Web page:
The Indian Ocean Tuna Commission amends its seabird bycatch mitigation resolution to protect juvenile albatrosses

Following recommendations emanating from its subsidiary bodies (click here) the Indian Ocean Tuna Commission (IOTC) has acted to help protect mainly juvenile albatrosses and petrels in the southern Indian Ocean.


Meeting in Busan, Korea over 1-5 March this year, the Fourteenth Meeting of the Commission considered a proposal to amend Resolution 08/03 on Reducing the Incidental Catch of Seabirds in Longline Fisheries.


The amended text proposed by France on behalf of its Overseas Territories (which include island groups in the southern Indian Ocean that support ACAP-breeding species) was adopted as new Resolution 10/06.  The substantive change shifts the northern limit of the region of the southern Indian Ocean south of which seabird mitigation measures are required to be implemented northwards from 30°S to 25°S, so as to include more of the at-sea distributions of mainly juvenile albatrosses and petrels.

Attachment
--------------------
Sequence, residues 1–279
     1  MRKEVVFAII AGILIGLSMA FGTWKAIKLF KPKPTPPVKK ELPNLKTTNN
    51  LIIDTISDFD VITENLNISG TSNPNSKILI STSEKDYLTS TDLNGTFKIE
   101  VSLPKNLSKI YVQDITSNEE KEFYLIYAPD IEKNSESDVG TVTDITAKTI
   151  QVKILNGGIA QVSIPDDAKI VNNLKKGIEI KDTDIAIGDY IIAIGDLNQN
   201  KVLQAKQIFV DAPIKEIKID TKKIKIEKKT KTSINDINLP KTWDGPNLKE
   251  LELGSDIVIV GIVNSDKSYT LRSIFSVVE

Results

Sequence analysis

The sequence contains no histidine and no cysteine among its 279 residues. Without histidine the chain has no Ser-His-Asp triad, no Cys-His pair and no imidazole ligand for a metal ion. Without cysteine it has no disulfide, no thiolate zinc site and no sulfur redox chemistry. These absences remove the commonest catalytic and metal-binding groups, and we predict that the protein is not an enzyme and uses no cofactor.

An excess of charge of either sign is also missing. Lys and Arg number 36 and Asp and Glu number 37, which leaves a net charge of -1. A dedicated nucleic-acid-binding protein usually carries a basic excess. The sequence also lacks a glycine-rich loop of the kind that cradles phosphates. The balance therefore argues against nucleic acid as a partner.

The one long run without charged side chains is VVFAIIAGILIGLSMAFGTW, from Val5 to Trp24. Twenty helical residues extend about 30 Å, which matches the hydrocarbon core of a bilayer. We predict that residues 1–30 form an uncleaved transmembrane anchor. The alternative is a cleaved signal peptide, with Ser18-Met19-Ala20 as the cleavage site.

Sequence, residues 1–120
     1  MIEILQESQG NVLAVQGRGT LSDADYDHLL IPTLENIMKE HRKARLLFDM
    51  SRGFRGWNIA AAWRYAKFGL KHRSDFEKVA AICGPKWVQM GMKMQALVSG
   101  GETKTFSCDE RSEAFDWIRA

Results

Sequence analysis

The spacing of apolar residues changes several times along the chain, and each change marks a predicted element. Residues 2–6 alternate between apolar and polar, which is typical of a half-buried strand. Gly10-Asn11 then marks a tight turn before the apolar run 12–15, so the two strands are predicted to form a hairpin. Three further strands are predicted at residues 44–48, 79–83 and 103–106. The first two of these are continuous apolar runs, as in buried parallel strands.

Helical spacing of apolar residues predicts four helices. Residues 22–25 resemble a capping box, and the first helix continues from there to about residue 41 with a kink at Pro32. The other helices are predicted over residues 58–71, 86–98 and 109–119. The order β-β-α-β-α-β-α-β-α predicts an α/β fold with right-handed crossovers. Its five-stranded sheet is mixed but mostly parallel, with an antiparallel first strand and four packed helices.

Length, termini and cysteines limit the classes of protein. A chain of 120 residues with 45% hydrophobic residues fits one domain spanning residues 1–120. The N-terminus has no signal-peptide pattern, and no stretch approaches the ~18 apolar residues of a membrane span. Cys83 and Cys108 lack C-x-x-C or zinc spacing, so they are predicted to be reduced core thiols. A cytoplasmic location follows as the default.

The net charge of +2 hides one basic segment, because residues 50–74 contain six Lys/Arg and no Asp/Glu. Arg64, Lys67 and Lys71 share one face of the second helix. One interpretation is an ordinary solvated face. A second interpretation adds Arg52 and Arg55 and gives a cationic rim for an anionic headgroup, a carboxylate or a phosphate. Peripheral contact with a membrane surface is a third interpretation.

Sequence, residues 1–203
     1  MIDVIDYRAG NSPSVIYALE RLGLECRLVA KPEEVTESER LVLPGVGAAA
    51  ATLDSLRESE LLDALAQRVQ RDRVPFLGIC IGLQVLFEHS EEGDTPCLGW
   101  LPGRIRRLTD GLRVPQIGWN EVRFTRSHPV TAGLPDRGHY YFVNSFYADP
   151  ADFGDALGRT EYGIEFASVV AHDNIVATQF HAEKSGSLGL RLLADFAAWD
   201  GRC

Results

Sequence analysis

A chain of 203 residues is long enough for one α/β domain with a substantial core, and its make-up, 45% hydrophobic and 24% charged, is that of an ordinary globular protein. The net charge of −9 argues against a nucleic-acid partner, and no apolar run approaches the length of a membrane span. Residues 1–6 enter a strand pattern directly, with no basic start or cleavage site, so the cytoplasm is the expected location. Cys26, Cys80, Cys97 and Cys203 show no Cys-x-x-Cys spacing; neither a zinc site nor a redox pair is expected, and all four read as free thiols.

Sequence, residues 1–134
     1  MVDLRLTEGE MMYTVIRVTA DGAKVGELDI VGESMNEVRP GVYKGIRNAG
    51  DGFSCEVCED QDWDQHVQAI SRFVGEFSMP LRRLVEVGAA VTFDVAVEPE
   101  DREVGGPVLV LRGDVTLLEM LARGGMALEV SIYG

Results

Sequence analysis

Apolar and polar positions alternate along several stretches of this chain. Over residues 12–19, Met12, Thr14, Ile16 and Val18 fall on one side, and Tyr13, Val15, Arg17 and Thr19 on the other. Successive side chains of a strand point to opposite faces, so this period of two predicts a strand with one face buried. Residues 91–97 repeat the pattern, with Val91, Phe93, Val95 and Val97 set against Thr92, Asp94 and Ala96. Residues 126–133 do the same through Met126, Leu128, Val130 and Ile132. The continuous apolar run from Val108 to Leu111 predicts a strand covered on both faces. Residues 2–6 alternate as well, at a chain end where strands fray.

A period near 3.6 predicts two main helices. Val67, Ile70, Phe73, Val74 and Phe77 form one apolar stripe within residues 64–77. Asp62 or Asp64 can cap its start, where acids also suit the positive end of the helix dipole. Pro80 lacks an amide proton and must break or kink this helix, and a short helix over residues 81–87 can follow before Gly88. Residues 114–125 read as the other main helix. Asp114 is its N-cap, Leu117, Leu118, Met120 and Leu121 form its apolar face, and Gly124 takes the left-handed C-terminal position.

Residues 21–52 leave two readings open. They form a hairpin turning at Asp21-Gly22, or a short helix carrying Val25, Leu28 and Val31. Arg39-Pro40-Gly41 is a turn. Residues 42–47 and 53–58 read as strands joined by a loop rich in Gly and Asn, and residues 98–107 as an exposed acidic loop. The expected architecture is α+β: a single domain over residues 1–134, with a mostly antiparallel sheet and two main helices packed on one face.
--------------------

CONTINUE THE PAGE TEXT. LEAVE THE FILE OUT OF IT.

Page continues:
The amendment is to come into force from 1 November 2010, but Contracting and Cooperating non-Contracting Parties (CPCs) to the IOTC are encouraged to ensure their longline fishing vessels adopt mitigation measures from south of 25°S as soon as possible.  The actual mitigation measures remain unchanged, requiring the use of at least two measures, one which must be night setting, use of bird-scaring lines or weighted branch lines.


The French proposal also noted the economic advantages of seabird mitigation measures, by significantly increasing the catches of targeted fisheries.


With thanks to Alejandro Anganuzzi, Executive Secretary, Indian Ocean Tuna Commission


John Cooper, ACAP Information Officer, 17 March 2010


The Agreement on the
Conservation of Albatrosses and Petrels

ACAP is a multilateral agreement which seeks to conserve listed albatrosses, petrels and shearwaters by coordinating international activity to mitigate known threats to their populations.

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